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The Utah Supreme Court struck down a district judge's ruling ordering a new election in a disputed Millard County primary, saying without a clear victor in the county commission race the local Republican Party should get to pick its candidate.

In a one-paragraph ruling, the court upheld 4th District Judge Laycock's determination that, due to seven inappropriately cast votes and one voter who was wrongly turned away from the polls, there was enough uncertainty to nullify incumbent Jim Withers' five-vote victory over challenger Jim Dyer.

But the court said Laycock erred when she ordered the county to conduct another primary election so voters could choose the GOP candidate for the county commission seat. Instead the court ordered that, absent a clear winner in the race, the Millard County Republican Party should be allowed to choose its candidate.

There is no Democratic candidate in the race. Candidates had until the close of business Friday to file to run as a write-in candidate, however.

During oral arguments before the court Friday on an emergency appeal by Lt. Gov. Spencer Cox, the justices seemed convinced that Laycock had overstepped her authority. Chief among them was Justice Tom Lee, who noted there was nothing in the law to allow the judge to order a new election and called the action "extraordinary."

Lee favored the course the court ultimately took — letting the GOP central committee choose the candidate, which is the process in place when a candidate dies, withdraws for health reasons or is disqualified from the ballot — even though those circumstances don't precisely fit the Millard County situation.

"Isn't that a better fit than making up a remedy that's not set forth in a statutory scheme anywhere?" Lee asked. He also suggested the judge's order improperly required the Millard County clerk to conduct the election, even though she was not named in Dyer's lawsuit.

Brent Johnson, the attorney representing Laycock — who, in an unusual circumstance, was sued by Cox, the state's elections chief —┬ádefended the ruling, arguing that simply tossing out the election and letting the party decide was not a good option because it voids the voice of the voters.

"That really isn't relief," he said. "So the judge felt she needed to order some type of relief in order to give the registered voters what they really came in for, which is an opportunity to select the candidate who will represent them."

Dyer's attorney, Dwight Beckstrand, argued that, because there isn't clear direction in the law, Laycock did the best she could to protect the rights of voters, even if her order placed a burden on the county.

"Yes it's an inconvenience to this county, but we're talking about preserving the constitutional right to vote," Beckstrand said. "I think the constitutional right to vote trumps any inconvenience to the county."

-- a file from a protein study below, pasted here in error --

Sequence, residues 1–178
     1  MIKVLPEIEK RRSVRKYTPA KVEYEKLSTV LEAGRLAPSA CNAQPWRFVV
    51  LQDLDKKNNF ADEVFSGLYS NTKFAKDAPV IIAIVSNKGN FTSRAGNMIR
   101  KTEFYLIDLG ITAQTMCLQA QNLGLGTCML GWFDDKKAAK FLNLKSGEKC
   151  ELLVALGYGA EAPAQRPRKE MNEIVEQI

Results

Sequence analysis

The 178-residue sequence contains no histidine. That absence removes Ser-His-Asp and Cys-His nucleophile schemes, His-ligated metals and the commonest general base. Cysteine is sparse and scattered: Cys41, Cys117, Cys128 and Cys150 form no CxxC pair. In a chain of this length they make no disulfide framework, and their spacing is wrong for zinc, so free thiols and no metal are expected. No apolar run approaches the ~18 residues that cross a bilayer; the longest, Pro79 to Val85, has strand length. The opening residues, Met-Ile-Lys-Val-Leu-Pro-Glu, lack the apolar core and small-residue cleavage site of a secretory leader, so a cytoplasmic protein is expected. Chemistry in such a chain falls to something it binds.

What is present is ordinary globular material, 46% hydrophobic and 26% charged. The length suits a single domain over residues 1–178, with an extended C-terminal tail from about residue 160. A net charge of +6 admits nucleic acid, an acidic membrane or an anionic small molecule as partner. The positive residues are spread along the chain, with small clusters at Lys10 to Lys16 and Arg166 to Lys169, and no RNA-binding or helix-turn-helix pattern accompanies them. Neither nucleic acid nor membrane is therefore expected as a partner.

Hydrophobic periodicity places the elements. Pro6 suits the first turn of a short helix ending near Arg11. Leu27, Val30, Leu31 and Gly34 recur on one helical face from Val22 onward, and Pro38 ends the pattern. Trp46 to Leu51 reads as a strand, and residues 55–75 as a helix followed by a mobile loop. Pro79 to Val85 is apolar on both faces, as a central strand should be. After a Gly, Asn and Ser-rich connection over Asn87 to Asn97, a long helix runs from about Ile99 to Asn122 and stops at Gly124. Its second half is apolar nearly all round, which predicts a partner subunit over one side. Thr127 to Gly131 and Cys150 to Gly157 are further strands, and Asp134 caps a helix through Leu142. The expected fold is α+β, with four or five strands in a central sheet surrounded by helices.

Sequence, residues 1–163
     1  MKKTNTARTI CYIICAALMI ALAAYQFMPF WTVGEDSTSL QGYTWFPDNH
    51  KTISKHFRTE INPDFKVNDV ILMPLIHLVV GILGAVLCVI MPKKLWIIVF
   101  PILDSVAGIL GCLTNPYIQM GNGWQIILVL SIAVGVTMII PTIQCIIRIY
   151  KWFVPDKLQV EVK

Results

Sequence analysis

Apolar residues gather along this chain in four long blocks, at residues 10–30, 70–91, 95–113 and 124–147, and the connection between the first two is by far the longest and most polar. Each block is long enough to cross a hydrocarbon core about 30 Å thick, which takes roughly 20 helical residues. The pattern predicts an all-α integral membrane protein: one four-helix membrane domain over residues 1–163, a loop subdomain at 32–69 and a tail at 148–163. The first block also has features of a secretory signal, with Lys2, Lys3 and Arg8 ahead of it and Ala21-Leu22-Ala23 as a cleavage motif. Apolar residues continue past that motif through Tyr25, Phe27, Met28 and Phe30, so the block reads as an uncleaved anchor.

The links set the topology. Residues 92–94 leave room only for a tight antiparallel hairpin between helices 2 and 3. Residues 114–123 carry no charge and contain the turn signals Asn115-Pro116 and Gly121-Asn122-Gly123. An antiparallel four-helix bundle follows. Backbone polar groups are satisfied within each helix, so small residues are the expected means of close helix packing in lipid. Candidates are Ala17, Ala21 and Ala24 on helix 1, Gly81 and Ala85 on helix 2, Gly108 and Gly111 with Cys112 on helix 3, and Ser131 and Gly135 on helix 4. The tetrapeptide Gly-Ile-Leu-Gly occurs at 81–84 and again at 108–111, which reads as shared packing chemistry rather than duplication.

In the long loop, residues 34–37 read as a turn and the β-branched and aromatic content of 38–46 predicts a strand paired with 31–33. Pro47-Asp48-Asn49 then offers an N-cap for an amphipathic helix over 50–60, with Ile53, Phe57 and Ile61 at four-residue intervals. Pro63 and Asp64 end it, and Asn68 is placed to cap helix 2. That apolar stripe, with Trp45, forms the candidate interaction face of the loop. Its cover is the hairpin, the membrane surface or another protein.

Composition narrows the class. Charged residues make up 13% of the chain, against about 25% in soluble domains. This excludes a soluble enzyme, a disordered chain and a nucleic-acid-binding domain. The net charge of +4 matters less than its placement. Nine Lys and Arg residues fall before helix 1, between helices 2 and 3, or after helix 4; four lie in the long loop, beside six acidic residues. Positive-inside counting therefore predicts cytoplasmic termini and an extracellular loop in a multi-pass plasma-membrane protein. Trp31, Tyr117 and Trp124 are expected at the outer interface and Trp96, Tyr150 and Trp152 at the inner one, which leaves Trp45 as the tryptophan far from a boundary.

Assistant Attorney General Thom Roberts argued that the election results should be allowed to stand and Withers declared the winner.

Laycock could have overturned the results and declared Dyer the winner, but lacked the evidence to do so. The judge ruled the uncertainty was enough to void the election, Roberts said, but the law requires those challenging the election to prove the votes would have flipped the outcome. Without sufficient proof, he contended, the judge could not nullify the outcome.

During arguments, the justices grappled with how to prove the outcome may have been different. Because Utah's Constitution guarantees voters a secret ballot, there is no way to discern how disputed votes may have changed the tally. That would leave a court helpless, even if there was fairly clear evidence of impropriety, noted Justice Jill Parrish.

"Under the statute and the Constitution, the courts would be powerless to do anything because there would be no way to match up the ballots against the vote that was cast," she said.

Lee questioned if the voters who cast the disputed ballots could be called in by the judge and asked to waive their secret ballot right and say who they voted for — perhaps enabling the judge to declare a winner.

Todd MacFarlane, an attorney for Millard County voters challenging the election, said several voters were approached and asked who they voted for but all of them refused to say.

He suggested another possible solution: Both Dyer and Withers could be put on the November ballot as unaffiliated candidates — since neither can claim to be the party's nominee — with the winner becoming county commissioner.